Animations built with Flare can be embedded into an existing Flutter app as a widget, allowing them to participate in the full compositor and be overlaid with other text, graphical layers or even UI widgets. Integrating in this way frees animations from the 'black box' limitations of other architectures, and allows ongoing collaboration between designers and developers right up to the completion of the app. Such tight integration between Flutter and Flare provides a uniquely compelling offering for digital designers and animators who want to create highly-polished mobile experiences.
Another partner who has bet on Flutter is Nevercode, a fast-growing provider of continuous integration and delivery (CI/CD) tooling for mobile apps. At Flutter Live, they announced Codemagic, a new tool designed specifically for Flutter to make it easy to automate the process of building and packaging Flutter apps for both Android and iOS from a single automation. Available today in beta, Codemagic allows you to select a GitHub repo containing a Flutter project, and with just a few clicks, create continuous build flows that run tests, and generate binary app bundles that you can upload to the Apple and Google Play stores.
We put together a short video to highlight the range and variety of the apps developers have been building with Flutter since the beta:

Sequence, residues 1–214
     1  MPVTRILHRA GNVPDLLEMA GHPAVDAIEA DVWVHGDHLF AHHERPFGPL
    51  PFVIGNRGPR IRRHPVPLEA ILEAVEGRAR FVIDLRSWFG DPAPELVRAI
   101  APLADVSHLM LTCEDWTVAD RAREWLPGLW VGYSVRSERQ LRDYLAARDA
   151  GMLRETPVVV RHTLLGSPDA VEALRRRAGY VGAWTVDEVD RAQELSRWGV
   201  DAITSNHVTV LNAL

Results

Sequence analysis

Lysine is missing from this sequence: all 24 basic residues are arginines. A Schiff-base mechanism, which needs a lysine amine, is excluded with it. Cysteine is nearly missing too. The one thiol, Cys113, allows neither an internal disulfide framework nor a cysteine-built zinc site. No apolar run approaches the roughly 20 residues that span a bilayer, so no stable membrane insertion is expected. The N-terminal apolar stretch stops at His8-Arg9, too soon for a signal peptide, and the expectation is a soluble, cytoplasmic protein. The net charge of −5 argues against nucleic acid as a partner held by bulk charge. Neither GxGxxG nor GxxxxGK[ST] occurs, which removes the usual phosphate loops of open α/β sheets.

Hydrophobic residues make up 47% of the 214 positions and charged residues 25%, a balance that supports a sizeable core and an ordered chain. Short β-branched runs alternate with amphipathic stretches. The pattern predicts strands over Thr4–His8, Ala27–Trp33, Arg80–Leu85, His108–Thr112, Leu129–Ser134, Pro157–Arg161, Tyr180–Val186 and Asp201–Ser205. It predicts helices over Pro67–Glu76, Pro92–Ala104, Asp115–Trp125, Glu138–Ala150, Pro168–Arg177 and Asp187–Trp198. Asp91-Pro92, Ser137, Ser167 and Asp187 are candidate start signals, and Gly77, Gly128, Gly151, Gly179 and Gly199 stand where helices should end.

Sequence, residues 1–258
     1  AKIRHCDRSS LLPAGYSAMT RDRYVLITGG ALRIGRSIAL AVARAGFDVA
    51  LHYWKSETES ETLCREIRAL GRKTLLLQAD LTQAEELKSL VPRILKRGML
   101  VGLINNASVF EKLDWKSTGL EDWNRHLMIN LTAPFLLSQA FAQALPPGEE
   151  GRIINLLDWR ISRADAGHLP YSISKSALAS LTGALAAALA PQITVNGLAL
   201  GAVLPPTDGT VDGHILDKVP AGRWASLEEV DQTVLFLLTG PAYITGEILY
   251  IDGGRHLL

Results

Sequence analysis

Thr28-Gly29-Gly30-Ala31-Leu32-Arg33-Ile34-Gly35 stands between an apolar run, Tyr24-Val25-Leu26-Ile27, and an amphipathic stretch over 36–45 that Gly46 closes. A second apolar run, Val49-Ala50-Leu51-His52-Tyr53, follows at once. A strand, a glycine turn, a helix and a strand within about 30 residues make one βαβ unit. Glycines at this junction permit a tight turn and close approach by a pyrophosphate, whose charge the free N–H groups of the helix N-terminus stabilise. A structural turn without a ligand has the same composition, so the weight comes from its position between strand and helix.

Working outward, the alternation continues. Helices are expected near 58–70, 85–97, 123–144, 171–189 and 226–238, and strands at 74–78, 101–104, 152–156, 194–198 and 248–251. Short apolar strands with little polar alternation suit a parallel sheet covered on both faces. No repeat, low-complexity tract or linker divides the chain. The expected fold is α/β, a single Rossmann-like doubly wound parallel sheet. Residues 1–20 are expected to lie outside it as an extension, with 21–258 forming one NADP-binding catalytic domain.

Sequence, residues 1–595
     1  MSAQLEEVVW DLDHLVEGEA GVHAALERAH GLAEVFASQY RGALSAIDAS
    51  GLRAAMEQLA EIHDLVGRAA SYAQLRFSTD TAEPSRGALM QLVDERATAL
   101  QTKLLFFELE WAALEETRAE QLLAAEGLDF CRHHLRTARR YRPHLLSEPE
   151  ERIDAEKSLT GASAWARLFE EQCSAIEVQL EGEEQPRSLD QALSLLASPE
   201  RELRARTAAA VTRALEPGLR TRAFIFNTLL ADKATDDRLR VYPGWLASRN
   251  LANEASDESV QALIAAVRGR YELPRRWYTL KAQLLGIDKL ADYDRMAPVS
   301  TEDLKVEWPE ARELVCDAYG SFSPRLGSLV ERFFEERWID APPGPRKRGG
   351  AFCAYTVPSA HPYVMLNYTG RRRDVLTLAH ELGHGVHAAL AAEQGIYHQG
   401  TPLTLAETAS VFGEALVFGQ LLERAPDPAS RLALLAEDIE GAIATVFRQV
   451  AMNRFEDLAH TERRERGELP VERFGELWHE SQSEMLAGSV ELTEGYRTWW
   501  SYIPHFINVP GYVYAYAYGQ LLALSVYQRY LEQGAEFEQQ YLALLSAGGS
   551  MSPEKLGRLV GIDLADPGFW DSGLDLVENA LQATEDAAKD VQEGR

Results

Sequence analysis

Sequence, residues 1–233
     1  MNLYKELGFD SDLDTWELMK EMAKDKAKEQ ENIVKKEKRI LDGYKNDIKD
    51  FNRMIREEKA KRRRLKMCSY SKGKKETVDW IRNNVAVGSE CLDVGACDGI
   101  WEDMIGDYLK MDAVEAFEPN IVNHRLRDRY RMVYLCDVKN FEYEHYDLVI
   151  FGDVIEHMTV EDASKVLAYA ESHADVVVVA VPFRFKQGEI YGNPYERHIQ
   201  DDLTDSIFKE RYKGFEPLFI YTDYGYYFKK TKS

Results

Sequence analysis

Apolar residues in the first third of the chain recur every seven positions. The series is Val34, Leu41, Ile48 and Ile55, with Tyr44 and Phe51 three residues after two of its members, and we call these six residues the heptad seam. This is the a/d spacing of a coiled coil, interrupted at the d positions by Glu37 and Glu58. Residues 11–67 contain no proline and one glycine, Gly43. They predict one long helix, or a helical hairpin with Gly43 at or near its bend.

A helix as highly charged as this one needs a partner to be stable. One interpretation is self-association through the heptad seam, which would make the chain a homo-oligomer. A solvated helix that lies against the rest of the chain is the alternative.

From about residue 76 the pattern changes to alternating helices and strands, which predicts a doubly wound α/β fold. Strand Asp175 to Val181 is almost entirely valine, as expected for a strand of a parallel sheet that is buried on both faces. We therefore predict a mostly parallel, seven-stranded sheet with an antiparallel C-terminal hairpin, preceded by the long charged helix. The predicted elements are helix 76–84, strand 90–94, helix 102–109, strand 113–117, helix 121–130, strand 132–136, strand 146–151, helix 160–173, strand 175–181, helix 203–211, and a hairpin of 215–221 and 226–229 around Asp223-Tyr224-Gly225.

New Features in Flutter 1.0
Since the first beta, we've been working to add features and polish to Flutter. In particular, we rounded out our support for pixel-perfect iOS apps with new widgets; added support for nearly twenty different Firebase services; and worked on improving performance and reducing the size of Flutter apps. We've also closed out thousands of issues based on feedback from the community.
Flutter also includes the latest version of the Dart platform, 2.1, an update to Dart 2 that offers smaller code size, faster type checks, and better usability for type errors. Dart 2.1 also has new language features to improve productivity when building user experiences. Developers who have already adopted Dart 2.1 tell us they're seeing significant speed improvements just by switching to the latest engine:
While the primary focus of the 1.0 release is bug fixes and stabilization, we're also introducing previews of two major new features for developers to try out in preview mode that we anticipate will ship in our next quarterly release in February 2019: Add to App and platform views.
Add to App
When we first built Flutter, we focused on productivity for the scenario where someone is building a new application from scratch. But of course, not everyone has the luxury of being able to start with a clean slate. Talking to some of our larger customers, it was clear that they wanted to use Flutter for new user journeys or features within an existing application, or to convert their existing application to Flutter in stages.
The architecture of Flutter supports this model well: after all, every Flutter app includes a host Android and iOS container. But we've been working to make it easier to incrementally adopt Flutter by updating our templates, tooling and guidance for existing apps. We've made it easier to share assets between Flutter and host code. And we've also reworked the tooling to make it easy to attach to an existing Flutter process without launching the debugger with the application.